Many of us who studied Physical Geography at school or university will remember Yorkshire’s Holderness coastline as providing a classic case study as to the impacts of coastal erosion. This infamy is well-founded and media coverage often reminds us of the devastating impacts that the UK’s fastest eroding coastline continues to have on everyday lives.
Within the East Riding of Yorkshire, local press reported in March 2019 that up to 230 homes could fall into the sea during the next nine decades, as well as more than 500 holiday chalets, statics and touring caravan pitches. More recent articles report how in Withernsea, there are just five metres of clifftop to go before East Riding Council will need to shut a road that will, effectively, cut off 55 homes as well as hundreds more holiday chalets. Yorkshire is not alone in this battle, with similar stories being reported in Norfolk, East Sussex and West Wales to name but a few of the other areas of the UK most severely impacted by erosion.
Whilst coastal defences provide a useful and important role in many local planning authorities’ response to these issues, they are often impractical or unviable and present significant cost to the public purse (as, indeed, do decisions not to protect the coastline). This leaves coastal activities and businesses literally exposed to the elements, putting their future viability at risk in areas where economic challenges are already well documented.So what else can the planning system do to help?
Paragraph 167 of the National Planning Policy Framework (2019) puts the designation of Coastal Change Management Areas at the heart of its strategy for tackling coast erosion. Within these areas, paragraph 167 goes on to say that Local Planning Authorities should:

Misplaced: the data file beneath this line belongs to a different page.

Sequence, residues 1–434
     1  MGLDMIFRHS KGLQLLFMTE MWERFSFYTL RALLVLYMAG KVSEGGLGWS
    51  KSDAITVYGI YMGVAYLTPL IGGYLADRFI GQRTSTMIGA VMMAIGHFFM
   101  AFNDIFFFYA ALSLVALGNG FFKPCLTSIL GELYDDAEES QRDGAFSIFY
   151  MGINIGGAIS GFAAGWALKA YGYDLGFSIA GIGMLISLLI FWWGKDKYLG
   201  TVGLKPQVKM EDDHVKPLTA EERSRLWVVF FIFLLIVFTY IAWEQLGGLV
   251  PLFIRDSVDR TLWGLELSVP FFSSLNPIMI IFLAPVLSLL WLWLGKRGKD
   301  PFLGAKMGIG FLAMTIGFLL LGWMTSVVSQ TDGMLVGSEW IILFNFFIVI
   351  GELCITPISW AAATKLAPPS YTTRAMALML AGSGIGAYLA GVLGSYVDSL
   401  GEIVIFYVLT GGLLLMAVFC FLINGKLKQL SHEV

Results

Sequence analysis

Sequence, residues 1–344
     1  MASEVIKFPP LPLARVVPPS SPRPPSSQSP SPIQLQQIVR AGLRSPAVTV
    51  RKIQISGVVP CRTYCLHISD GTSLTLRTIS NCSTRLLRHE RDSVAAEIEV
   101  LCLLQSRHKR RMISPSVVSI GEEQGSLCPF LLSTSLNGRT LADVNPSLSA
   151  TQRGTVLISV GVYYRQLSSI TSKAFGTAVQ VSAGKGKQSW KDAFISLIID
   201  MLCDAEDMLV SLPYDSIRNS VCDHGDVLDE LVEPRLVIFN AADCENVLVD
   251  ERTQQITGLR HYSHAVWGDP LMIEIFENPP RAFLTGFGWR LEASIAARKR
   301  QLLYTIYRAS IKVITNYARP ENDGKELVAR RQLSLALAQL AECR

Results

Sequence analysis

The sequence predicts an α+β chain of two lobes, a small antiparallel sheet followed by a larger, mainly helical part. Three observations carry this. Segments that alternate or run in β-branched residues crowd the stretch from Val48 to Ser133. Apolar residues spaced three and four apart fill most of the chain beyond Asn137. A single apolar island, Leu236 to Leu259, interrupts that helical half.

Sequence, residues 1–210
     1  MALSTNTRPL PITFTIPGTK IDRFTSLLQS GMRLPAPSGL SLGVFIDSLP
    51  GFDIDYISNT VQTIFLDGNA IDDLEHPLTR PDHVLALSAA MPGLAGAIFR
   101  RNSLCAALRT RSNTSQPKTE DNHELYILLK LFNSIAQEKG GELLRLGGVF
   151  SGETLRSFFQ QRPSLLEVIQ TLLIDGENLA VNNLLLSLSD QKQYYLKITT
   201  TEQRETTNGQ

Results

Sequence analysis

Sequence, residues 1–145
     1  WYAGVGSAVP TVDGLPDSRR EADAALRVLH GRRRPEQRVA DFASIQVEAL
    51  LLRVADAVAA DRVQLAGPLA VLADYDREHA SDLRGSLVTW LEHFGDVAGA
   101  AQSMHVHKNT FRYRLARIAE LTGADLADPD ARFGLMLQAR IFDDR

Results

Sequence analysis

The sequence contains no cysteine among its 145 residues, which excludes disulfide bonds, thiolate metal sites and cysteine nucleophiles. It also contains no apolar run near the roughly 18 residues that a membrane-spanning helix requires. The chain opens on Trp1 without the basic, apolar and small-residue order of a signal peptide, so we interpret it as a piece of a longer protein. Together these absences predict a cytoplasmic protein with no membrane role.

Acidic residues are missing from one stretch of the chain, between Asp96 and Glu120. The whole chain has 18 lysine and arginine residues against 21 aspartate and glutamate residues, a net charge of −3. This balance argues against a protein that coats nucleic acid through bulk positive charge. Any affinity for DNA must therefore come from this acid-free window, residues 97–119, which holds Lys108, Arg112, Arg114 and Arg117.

a) Be clear as to what development will be appropriate in such areas and in what circumstances; andb) Make provision for development and infrastructure that needs to be relocated away from Coastal Change Management Area. In response to provision b), we have seen an increasing amount of coastal planning authorities adopt so-called “roll-back” policies as part of their development plans to proactively manage the hazard of coastal erosion at a local level. Typically, these policies establish the principle of a development that is at risk from coastal erosion being relocated to an alternative, lower risk location which – in other circumstances – may not normally be considered acceptable in wider planning terms. At Lichfields, we have recently relied on the application of a roll-back policy to successfully justify the relocation of a large number of caravan pitches at a Holiday Park on the east coast of Yorkshire. To do so, our planning submission needed to address a number of matters that were outlined within the pre-application response received from the local authority. First, was the need to quantify the level of erosion that was taking place at the Park which, given the sheer unpredictability of coastal activity, is as much an art as it is a science. That is to say, erosion rates can only ever be estimated, with storm events and rising sea levels all having the potential to dramatically accelerate these processes. This was observed first-hand, with the above photograph showing the aftermath of a winter storm event in which the cliff edge retreated by several metres over the course of a few hours.
Second, was the need to demonstrate that the proposal was, indeed, a roll-back of existing pitches rather than simply an extension to the Holiday Park ‘via the back door’. This was achieved via a commitment to removing existing pitches from the rolled-back area (following the installation of new ones) and then restoring it back to its original, undeveloped state thereafter. This, at the subsequent planning committee, proved to be a very important factor in persuading Council Members to unanimously vote in favour of the application, against a not insignificant amount of local opposition.